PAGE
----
I read the article in your paper on Reptiles at Risk in Muskoka (May 18, A20) and have to disagree with the comments “if you leave snapping turtles alone, they are not a threat” and snapping turtles “don’t attack people”. They may not attack people but they certainly do bite people and their bite is anything but passive.
Last July I was reading The Muskokan while dangling my feet in the water off the end of our dock on Lake of Bays. I had a sudden pain in my foot and looked down to see the snapping turtle who had just bitten the bottom of my foot near my big toe.
The bite was a triangle shape with nasty serrated edges.
Not knowing if this type of bite needed medical attention, my daughter used her i-phone to look for first aid tips for turtle bites but only found first aid for turtles. We learned there was a way to do artificial respiration on a turtle. We decided the turtle was probably fine and was not the one who needed first aid. We cleaned out the deep gash on my foot and used gauze and duct tape to make a pressure dressing.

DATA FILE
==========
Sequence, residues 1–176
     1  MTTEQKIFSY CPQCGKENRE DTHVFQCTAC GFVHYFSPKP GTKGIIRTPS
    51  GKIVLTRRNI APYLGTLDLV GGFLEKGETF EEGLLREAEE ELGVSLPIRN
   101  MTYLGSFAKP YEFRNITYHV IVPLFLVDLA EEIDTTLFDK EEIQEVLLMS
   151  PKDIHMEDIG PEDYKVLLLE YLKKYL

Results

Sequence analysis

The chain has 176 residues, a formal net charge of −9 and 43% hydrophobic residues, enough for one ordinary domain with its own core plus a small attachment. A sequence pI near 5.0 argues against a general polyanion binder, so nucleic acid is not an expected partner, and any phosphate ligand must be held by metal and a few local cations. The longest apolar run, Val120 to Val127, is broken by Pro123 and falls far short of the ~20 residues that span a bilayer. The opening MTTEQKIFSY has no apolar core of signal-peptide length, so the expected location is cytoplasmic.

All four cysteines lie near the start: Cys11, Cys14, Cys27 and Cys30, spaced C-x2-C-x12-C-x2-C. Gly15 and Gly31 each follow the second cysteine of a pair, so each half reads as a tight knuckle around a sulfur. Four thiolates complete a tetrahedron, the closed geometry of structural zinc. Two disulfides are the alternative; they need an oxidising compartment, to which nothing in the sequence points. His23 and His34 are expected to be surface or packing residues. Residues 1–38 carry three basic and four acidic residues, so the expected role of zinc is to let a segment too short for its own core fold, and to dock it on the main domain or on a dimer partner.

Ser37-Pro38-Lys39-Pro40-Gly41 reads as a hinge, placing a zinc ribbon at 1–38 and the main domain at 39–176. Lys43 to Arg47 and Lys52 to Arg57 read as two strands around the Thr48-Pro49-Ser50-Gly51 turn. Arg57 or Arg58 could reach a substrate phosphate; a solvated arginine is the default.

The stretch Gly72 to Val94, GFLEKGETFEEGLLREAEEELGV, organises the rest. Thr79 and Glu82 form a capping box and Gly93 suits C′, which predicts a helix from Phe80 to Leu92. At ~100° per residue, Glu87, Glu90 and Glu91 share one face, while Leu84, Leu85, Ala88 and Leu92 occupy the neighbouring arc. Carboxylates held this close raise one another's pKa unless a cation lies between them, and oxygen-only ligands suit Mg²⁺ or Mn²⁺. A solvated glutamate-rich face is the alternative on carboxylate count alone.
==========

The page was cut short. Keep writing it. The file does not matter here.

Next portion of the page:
People I told about my visit from the snapper said they had never heard of a snapping turtle biting someone. Others said my pale foot must have looked like a fish.
Whatever the reason, I now wear bright red Crocs when I dangle my feet off the dock and hope I look less appealing as a turtle snack.
Lake of Bays, Dorset